BBG Communications headquarters in Otay Mesa
  • BBG Communications headquarters in Otay Mesa
  • Image by Alan Decker
  • Letter to Editor
  • Pin it

People using overseas pay phones are shelling out $54 and $55 for one-minute calls when using their credit cards, and they say that phone instructions give them no warning of such staggering charges. Understandably, the victims are screaming. That’s one reason there are lawsuits charging a San Diego company, BBG Communications, with business-code violations and exploitation of consumers.

The company’s headquarters is located at 1658 Gailes Boulevard in Otay Mesa, and it also has a San Ysidro office. BBG is 95 percent–owned by the families of Gregorio and Rafael Galicot, American citizens whose father is a prominent promoter of Tijuana’s good life. Gregorio is now president. The company has phones in hotels and airports all over the world, including Lindbergh Field, and processes 300 million minutes of calls each month, according to one suit.

Those who complain are routed to customer-service representatives in Tijuana who insist they must have the victim’s credit-card number before they can consider further action. That demand often aborts the complaint call, says attorney John Mattes, who filed the main suit along with Alan Mansfield. Mattes is a former Fox News investigator in San Diego who has also worked for ABC World News and many other organizations. The plaintiffs are Vlastimil Sajfr and David Keeports, who say they are victims of outrageous credit-card phone charges. There is a similar suit filed by Nicolas Wood in San Diego federal court.

Hundreds of others have complained about BBG Communications to Mattes’s website. His and Mansfield’s suit is intended to be a class action representing the aggrieved. BBG gets an F (the lowest) rating from the San Diego Better Business Bureau, which has handled no fewer than 510 complaints about the company in the past three years and 165 in the past 12 months.

I called BBG and asked to talk with Gregorio or Rafael Galicot. I was told I would have to talk with the company’s longtime law firm, Sheppard, Mullin, Richter & Hampton. But attorneys on the case would not respond to my questions.

The Mattes/Mansfield suit originally went to United States District Court Judge Marilyn Huff. She is often pro-business, but when BBG asked for a dismissal, she rebuffed the company on most counts. Sheppard Mullin argued that Switzerland-based BBG Global AG, not San Diego’s BBG Communications, was the company providing the service. But Huff rejected the argument, saying that some of the conduct may have occurred in California and the plaintiffs are California residents.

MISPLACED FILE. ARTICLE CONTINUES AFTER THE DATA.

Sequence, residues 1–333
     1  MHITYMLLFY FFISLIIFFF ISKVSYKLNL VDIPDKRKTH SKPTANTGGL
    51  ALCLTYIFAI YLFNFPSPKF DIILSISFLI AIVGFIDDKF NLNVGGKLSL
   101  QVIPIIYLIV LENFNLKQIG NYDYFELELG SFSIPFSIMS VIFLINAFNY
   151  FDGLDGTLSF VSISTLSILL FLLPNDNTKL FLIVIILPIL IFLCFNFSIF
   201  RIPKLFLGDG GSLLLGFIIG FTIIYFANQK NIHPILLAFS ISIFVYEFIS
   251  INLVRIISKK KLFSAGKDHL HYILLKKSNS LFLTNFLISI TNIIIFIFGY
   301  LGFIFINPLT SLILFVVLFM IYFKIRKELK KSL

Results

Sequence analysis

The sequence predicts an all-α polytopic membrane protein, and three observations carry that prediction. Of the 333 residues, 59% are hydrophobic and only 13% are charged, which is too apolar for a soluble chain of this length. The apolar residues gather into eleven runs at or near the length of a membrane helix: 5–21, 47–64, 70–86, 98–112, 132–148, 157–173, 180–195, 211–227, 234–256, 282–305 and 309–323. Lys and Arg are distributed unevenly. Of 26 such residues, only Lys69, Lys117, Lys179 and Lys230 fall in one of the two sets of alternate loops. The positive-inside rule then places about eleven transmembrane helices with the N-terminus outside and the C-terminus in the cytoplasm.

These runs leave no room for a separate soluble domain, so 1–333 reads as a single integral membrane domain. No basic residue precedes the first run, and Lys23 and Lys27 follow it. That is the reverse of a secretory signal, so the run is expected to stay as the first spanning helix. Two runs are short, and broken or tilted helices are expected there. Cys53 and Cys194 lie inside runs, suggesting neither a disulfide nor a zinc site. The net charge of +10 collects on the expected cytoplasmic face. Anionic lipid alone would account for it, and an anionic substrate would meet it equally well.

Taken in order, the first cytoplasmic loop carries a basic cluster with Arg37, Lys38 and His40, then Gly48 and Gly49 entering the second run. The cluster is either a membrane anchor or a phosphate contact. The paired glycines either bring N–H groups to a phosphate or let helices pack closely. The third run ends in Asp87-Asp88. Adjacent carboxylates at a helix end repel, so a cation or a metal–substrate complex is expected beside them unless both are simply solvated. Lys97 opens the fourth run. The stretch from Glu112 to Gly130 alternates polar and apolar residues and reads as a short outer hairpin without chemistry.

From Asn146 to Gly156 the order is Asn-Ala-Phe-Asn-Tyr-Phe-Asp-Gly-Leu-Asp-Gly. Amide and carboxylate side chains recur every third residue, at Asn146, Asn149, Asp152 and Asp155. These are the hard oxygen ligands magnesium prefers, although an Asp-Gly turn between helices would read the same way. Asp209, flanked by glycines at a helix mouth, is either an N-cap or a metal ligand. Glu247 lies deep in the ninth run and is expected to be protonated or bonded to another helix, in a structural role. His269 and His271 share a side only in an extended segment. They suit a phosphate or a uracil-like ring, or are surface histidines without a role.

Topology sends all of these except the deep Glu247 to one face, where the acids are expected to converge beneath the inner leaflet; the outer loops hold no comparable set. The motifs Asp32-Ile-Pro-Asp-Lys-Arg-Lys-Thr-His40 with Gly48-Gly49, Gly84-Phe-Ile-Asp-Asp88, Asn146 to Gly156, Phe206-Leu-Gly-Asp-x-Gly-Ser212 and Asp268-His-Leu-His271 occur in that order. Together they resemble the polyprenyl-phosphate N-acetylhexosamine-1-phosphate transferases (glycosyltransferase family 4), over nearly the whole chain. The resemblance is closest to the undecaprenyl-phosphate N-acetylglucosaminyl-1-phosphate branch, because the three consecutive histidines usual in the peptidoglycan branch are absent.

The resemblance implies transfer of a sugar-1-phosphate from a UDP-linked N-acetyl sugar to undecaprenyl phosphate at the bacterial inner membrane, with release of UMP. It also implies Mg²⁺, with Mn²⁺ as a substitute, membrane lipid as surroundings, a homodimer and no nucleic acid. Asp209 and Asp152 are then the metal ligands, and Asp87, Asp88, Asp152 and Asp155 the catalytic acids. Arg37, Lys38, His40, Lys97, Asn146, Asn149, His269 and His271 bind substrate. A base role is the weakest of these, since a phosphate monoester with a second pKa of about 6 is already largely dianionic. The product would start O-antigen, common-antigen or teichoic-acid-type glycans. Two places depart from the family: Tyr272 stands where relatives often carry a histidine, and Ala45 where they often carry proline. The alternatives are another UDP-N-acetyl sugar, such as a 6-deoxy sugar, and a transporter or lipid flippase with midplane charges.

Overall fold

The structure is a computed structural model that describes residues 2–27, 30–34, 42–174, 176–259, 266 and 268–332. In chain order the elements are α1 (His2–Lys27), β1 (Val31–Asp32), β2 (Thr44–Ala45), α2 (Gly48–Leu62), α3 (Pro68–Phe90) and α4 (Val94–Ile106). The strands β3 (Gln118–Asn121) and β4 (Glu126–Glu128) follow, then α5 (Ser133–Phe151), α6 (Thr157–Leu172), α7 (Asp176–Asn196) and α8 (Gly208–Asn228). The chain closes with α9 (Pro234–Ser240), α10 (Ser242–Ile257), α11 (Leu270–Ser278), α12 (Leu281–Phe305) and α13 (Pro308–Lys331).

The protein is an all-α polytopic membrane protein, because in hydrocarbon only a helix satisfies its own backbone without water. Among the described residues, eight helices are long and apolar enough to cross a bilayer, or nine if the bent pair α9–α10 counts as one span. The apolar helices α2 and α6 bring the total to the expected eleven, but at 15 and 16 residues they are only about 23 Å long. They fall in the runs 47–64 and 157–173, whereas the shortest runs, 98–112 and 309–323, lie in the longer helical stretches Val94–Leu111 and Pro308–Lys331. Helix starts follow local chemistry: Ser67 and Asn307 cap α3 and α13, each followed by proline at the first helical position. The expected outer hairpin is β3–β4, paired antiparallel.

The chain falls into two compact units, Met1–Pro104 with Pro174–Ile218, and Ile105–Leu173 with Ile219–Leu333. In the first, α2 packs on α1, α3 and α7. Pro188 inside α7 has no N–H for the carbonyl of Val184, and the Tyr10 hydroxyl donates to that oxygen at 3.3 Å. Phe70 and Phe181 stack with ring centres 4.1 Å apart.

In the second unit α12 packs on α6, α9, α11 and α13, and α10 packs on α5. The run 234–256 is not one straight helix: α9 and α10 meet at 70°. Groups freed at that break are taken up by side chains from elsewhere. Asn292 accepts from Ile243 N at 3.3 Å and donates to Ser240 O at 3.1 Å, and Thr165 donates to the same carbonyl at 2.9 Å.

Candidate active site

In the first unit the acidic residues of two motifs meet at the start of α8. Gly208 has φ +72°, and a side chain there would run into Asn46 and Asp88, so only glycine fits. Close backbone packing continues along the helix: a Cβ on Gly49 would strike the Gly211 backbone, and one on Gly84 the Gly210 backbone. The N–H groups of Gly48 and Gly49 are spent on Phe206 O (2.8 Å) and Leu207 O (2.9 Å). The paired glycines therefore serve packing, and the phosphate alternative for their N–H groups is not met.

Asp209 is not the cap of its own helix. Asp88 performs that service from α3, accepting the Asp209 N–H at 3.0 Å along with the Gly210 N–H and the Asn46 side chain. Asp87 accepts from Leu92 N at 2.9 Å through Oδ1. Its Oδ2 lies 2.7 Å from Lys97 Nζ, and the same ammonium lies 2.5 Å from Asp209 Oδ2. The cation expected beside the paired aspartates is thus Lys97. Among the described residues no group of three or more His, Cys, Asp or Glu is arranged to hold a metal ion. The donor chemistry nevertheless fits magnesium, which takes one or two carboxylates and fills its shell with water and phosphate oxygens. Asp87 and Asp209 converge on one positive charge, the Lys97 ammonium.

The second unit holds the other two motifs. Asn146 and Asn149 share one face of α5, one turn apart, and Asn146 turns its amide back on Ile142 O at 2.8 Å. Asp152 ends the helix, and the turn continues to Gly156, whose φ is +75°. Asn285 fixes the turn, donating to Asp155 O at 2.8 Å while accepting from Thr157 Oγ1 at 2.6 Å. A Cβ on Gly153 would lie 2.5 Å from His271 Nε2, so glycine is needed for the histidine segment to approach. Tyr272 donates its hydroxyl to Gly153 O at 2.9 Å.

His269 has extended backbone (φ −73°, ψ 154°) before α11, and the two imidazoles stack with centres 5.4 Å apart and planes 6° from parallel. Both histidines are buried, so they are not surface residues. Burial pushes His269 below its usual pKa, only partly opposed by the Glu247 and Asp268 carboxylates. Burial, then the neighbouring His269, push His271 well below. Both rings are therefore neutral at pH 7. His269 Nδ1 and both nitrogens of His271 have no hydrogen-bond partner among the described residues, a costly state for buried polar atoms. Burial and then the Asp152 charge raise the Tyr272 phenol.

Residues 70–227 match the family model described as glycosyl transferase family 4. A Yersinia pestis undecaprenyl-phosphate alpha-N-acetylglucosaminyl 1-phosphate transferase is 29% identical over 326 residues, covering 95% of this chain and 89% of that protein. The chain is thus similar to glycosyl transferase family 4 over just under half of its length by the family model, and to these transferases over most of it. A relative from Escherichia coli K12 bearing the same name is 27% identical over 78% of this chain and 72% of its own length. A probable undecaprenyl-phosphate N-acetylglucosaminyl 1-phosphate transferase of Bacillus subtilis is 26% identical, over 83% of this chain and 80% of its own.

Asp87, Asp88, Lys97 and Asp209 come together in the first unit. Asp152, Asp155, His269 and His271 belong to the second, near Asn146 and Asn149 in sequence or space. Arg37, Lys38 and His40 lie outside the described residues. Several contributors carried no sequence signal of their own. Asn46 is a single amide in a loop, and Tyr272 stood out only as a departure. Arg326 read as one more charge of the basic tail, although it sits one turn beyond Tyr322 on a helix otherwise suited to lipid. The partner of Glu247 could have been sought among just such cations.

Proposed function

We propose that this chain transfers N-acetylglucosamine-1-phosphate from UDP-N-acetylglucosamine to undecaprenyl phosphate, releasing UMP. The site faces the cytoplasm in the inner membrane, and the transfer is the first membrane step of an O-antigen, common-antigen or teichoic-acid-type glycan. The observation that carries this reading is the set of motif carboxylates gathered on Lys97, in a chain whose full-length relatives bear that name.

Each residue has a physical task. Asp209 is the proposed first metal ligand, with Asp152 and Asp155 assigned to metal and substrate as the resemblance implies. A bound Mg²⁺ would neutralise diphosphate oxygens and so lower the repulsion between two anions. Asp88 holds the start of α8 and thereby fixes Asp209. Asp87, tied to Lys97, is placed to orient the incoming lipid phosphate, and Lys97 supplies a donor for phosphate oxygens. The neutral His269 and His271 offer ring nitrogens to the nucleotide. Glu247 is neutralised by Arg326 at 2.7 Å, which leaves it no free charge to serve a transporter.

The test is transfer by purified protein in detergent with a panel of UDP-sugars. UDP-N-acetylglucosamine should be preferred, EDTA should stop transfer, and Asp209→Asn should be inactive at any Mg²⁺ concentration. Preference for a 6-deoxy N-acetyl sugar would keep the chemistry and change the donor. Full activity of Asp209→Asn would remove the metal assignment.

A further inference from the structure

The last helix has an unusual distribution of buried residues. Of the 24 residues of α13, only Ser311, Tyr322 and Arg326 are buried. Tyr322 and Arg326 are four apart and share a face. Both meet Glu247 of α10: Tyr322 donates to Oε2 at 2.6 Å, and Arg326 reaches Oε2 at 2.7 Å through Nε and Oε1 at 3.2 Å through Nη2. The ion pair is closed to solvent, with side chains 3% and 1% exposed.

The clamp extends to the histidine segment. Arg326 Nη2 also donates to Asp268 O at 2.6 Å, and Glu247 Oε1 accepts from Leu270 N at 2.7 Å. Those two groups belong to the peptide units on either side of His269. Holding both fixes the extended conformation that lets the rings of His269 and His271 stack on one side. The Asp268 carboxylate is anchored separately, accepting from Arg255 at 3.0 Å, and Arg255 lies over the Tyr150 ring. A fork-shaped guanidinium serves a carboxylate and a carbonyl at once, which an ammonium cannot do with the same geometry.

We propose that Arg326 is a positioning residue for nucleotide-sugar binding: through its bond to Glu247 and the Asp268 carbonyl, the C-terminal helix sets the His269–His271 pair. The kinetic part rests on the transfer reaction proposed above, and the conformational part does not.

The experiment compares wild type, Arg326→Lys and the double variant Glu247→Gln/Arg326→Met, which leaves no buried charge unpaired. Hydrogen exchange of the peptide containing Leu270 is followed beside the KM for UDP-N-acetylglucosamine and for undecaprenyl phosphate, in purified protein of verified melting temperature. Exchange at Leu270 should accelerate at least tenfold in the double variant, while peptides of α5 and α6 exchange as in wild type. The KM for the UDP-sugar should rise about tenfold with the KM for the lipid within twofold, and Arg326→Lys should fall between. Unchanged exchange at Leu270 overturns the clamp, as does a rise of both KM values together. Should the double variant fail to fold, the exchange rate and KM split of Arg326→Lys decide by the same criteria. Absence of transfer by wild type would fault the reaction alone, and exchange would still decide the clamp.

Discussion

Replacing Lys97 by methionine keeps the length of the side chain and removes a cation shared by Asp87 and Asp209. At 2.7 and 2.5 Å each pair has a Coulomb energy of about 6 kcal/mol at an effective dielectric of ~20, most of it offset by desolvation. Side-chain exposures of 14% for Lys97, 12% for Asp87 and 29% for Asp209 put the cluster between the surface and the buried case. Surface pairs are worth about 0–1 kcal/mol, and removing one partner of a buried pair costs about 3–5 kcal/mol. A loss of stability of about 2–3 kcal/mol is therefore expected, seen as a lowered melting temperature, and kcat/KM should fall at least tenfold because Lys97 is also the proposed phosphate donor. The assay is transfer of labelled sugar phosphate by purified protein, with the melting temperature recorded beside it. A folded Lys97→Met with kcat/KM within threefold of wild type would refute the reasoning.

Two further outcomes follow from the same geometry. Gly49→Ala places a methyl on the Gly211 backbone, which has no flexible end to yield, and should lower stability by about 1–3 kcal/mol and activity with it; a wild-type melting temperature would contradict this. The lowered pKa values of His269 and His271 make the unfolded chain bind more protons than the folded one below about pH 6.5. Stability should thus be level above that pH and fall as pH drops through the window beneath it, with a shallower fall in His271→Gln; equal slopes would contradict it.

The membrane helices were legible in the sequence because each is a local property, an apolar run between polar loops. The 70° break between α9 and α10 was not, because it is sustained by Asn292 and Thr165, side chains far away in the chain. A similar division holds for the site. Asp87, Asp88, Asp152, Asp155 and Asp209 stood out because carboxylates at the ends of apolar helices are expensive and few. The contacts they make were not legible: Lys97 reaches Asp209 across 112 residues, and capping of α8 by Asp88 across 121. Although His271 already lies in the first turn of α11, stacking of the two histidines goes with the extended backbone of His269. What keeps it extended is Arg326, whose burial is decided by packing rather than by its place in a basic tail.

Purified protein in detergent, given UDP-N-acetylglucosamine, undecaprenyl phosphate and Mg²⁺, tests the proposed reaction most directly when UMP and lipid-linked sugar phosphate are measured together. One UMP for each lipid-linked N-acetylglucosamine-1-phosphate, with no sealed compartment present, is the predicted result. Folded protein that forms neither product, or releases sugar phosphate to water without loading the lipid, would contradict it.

Huff also said that the plaintiffs had sufficiently shown that BBG’s practices were unlawful under California’s unfair competition law. Among other things, Huff said that the case should go forward on the plaintiffs’ claim that BBG’s collection personnel and customer service representatives recorded phone calls without the consent of those complaining about the huge charges. Huff did say that plaintiff Keeports didn’t have standing because his wife actually made the call, not he.

BBG petitioned the Ninth Circuit appeals court for emergency intervention in Huff’s decision. The appeals court thumbed down the request. Then, in an unrelated move, court officials decided that Huff’s caseload was too onerous, and the BBG case moved to U.S. District Judge Anthony Battaglia.

BBG is using similar arguments before Battaglia. It is attempting to get summary judgment (the case dropped before it goes to trial) later this year. The plaintiffs should be suing BBG Global, not BBG Communications, insists Sheppard Mullin. California law should not apply to conduct outside its borders.

Sheppard Mullin claims that “No unity of interest between BBG Communications and BBG Global exists…BBG Global and BBG Communications are separate entities and operations…BBG Global plays no role in BBG Communications’ daily operations or vice versa.”

Hmm...let’s look at that assertion. In the case filed by Nicolas Wood, one Irene Fedier, managing director of BBG Global, entered a declaration on behalf of BBG. She claimed that BBG Global “does not have any officers, offices or employees in California.” But in the next paragraph she declares that the BBG Global board includes “Gregorio Galicot [who resides in California].”

Officers are generally considered those who run day-to-day operations, but Money House, which posts corporate information about Swiss companies on the internet, has consistently listed Gregorio Galicot as president of BBG Global. Fedier testified that before each board meeting, she forwards financial documents to Galicot.

Further “the back office administrative duties have been outsourced to BBG Communications…BBG Communications provides certain billing-related, accounting, bookkeeping and database management services to BBG Global.” Even Sheppard Mullin admits that but claims that the companies “keep separate books and records.”